Microsoft releases free ‘Bing for iPad’ app

Microsoft today released their free Bing for iPad app which features:

• Swipe through our touch-enabled movie listings, news articles, trending topics, local businesses and other search results.
• Stay current with the latest news, traffic, weather, stock quotes, movies and popular searches from the main screen.
• Bing Local and Map integration to help you find the places you are looking for from directions with real-time tracking to road, traffic, aerial and “bird’s eye” views.
• Follow the latest news and trending topics with “iPad-optimized” results with images and magazine-inspired layouts.
• Tell Bing what you are searching for with voice activated search.
• Touch-friendly, grid view of image searches, with source site details and full page preview.
• Easily navigate between Bing results and websites as Bing frames the site to make it easy to return the search or to launch a new one.

More info and download link via Apple’s iTunes App Store here.


  1. I am superlatively thrilled that iQuack was overly thrilled by Donald’s ease of being thrilled, resulting in Diskgrinder’s recognition that Ballmer was on holiday, thereby allowing the release of Bing for iPad… Whew!

  2. I tried Bing. Once it became apparent that Bing “decides for you” by providing hits from the highest bidder, I opted out.

    I’d rather have tons of raw data than an ounce of propaganda any day of the week.

  3. For those who are unaware: A Microsoft employee set up a website soon after Bing’s perpetration that allowed you to compare the search results from Google, Yahoo and Bing. You then chose which you preferred. This data was then compiled and the results provided for viewing: Bing rated at #3 by choice.

    Recently we learned that Bing steals search results from Google in order to fill out its otherwise 3rd rate results. IOW: If you like Bing these days, you’re actually liking Google.

    Just so you know. 😎

    1. Actually, thats a gross inaccuracy. Bing uses click-stream data from people who download the Bing Bar (which they willingly & voluntarily sign up for) and indexes the searches they carry out on Google, along with other websites (be it search engines, your “favorites list”, internal website searches, etc) and indexes the results from 100 or so data sources to compile its own unique results. In the case of the “Bing Sting”, the fabricated Google results of “xyqoubnsmqoiehcnaIf” and “iwqkcjanzjkaoptuiwhggw” were so bizzare they were only indexed on Google (because they changed the Google search code to make it happen). Since it was the only one, Bing returned what Google indexed. This would never happen outside of this laboratory test because 99.9999% of all searches have multiple data points. If anything, the “Bing Sting” just proved that Google violated its own promise and physically manipulated its own results. Was this the first time Google manipulated its own results? Who knows? Obviously Google would never do that, right?? They’re motto is “Don’t be evil”, so of course they would never do that, right? RIGHT??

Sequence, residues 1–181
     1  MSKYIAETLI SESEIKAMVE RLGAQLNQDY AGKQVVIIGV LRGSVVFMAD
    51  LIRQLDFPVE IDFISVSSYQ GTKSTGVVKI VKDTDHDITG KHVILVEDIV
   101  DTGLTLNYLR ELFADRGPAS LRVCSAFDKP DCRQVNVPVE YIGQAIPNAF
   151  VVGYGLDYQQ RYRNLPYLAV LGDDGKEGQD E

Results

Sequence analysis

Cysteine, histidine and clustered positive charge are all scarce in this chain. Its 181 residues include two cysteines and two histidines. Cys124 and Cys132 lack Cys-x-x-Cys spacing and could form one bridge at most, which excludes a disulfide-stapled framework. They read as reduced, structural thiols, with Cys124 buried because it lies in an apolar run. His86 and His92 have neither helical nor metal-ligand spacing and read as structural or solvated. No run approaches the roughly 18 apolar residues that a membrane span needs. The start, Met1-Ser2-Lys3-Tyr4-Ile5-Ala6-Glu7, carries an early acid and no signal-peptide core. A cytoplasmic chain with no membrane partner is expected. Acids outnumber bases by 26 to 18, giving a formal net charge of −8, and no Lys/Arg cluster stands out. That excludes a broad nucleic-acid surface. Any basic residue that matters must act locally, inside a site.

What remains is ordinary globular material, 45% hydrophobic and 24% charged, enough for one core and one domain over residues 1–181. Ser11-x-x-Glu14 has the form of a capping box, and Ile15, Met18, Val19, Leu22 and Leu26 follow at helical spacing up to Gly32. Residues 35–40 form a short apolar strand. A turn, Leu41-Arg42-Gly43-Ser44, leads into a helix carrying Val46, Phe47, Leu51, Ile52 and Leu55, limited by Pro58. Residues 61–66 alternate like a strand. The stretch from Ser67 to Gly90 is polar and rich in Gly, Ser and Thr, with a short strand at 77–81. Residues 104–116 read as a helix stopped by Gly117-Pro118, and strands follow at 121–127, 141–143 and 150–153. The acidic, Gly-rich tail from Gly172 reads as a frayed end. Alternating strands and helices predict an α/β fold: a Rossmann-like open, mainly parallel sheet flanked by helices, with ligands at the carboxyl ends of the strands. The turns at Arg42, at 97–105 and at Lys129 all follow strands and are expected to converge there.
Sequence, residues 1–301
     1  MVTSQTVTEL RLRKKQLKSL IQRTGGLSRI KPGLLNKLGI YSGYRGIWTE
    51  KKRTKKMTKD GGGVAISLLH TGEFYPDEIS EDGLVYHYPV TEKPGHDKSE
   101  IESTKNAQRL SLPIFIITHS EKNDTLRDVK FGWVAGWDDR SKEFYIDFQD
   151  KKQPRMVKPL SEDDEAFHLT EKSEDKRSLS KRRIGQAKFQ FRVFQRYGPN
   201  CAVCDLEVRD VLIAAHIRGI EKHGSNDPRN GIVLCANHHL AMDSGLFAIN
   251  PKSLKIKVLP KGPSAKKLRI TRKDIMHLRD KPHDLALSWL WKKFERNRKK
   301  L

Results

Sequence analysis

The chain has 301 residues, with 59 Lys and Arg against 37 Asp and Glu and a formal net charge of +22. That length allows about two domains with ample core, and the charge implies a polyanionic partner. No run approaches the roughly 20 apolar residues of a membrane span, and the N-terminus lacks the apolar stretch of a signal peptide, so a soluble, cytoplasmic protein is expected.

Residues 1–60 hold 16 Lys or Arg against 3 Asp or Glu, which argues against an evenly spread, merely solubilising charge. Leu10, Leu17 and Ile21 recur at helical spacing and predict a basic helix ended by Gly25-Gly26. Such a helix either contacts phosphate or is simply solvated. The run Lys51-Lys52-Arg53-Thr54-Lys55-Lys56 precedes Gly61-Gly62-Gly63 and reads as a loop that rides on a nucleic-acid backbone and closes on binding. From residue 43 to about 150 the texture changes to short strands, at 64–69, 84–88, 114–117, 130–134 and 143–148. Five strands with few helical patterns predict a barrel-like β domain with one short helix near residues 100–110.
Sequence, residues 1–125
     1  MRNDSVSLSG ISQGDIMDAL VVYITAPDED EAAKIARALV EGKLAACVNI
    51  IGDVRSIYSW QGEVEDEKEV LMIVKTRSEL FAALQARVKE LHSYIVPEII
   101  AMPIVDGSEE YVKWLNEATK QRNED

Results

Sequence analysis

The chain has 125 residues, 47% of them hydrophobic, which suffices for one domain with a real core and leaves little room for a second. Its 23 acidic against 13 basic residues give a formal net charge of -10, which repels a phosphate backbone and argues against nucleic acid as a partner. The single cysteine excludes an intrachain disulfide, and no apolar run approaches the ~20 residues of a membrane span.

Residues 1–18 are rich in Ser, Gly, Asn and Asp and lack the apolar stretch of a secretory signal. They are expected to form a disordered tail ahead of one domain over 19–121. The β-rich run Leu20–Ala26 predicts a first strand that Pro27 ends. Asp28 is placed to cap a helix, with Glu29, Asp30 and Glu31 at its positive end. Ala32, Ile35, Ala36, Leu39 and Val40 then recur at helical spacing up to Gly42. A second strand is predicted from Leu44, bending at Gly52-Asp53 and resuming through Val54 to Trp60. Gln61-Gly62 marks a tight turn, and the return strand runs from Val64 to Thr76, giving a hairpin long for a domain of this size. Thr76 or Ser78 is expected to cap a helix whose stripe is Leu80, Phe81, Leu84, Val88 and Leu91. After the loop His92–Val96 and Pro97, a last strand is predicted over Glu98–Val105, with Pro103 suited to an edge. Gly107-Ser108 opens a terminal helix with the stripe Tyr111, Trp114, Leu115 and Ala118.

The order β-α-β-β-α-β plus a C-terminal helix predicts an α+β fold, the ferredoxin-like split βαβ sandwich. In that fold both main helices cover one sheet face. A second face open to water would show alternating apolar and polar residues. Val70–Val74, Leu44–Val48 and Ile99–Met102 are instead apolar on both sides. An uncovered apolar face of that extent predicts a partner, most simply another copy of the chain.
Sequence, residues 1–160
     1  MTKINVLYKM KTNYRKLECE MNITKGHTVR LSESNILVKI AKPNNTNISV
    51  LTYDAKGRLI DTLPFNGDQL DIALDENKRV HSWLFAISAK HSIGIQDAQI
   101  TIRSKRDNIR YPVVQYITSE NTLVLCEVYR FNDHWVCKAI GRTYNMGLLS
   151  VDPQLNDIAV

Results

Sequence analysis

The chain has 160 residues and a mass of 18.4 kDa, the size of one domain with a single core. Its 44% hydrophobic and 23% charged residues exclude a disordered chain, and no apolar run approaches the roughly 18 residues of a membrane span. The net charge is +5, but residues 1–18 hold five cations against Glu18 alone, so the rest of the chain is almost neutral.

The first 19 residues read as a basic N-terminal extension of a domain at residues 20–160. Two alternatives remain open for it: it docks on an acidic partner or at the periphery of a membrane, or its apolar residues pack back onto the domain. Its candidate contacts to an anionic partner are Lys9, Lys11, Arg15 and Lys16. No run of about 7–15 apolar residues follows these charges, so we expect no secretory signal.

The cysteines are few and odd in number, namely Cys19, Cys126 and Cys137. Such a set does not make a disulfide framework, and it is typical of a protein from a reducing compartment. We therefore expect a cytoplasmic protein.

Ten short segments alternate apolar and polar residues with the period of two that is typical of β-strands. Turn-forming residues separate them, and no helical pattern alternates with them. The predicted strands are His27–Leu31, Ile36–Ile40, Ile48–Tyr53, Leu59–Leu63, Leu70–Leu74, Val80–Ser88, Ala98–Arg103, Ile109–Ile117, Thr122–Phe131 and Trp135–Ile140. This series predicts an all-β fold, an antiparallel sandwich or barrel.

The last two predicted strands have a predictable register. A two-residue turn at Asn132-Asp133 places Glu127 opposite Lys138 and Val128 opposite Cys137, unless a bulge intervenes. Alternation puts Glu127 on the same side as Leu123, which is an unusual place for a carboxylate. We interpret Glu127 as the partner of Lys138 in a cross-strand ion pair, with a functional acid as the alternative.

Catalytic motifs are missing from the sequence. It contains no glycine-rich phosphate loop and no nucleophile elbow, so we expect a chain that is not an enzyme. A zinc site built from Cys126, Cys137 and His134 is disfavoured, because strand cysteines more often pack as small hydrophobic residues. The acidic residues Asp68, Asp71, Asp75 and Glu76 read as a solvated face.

Put in other words, this is akin to what Microsoft has done: McDonalds spends $25,000 on market research to find the best location to open a new restaurant. Taco Bell, looking to save some money, waits to see the results of McDonalds research. Once McDonalds decides on the location, Taco Bell immediately begins construction on their new restaurant right next door to the new McDonalds – in the same hot location and without having spent a penny on market research. Its good business. Companies do it all the time.

      If you think for a moment that Google isn’t looking at what Microsoft is doing, or Apple isn’t looking at what Google is doing, you’re living in a pipe dream.

      And by the way, non of this is illegal. There is no copyright on Google indexing and searches. The results or the order of the results isn’t protected by law.

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